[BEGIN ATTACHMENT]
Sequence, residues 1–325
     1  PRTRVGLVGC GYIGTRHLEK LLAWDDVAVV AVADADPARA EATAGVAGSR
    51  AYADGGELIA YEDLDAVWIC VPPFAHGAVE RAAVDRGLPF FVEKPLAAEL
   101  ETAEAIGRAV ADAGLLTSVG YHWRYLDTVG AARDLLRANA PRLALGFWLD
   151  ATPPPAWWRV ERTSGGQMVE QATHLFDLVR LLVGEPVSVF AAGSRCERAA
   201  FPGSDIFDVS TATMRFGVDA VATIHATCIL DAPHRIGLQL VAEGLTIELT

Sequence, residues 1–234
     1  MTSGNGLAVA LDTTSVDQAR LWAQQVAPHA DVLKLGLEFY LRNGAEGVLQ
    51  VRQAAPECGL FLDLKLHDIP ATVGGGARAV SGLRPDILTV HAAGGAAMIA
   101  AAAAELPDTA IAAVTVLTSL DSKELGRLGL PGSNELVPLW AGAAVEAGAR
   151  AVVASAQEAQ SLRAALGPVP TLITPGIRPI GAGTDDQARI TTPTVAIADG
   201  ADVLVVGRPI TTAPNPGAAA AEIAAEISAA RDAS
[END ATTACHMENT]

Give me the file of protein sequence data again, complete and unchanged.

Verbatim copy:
Sequence, residues 1–325
     1  PRTRVGLVGC GYIGTRHLEK LLAWDDVAVV AVADADPARA EATAGVAGSR
    51  AYADGGELIA YEDLDAVWIC VPPFAHGAVE RAAVDRGLPF FVEKPLAAEL
   101  ETAEAIGRAV ADAGLLTSVG YHWRYLDTVG AARDLLRANA PRLALGFWLD
   151  ATPPPAWWRV ERTSGGQMVE QATHLFDLVR LLVGEPVSVF AAGSRCERAA
   201  FPGSDIFDVS TATMRFGVDA VATIHATCIL DAPHRIGLQL VAEGLTIELT

Sequence, residues 1–234
     1  MTSGNGLAVA LDTTSVDQAR LWAQQVAPHA DVLKLGLEFY LRNGAEGVLQ
    51  VRQAAPECGL FLDLKLHDIP ATVGGGARAV SGLRPDILTV HAAGGAAMIA
   101  AAAAELPDTA IAAVTVLTSL DSKELGRLGL PGSNELVPLW AGAAVEAGAR
   151  AVVASAQEAQ SLRAALGPVP TLITPGIRPI GAGTDDQARI TTPTVAIADG
   201  ADVLVVGRPI TTAPNPGAAA AEIAAEISAA RDAS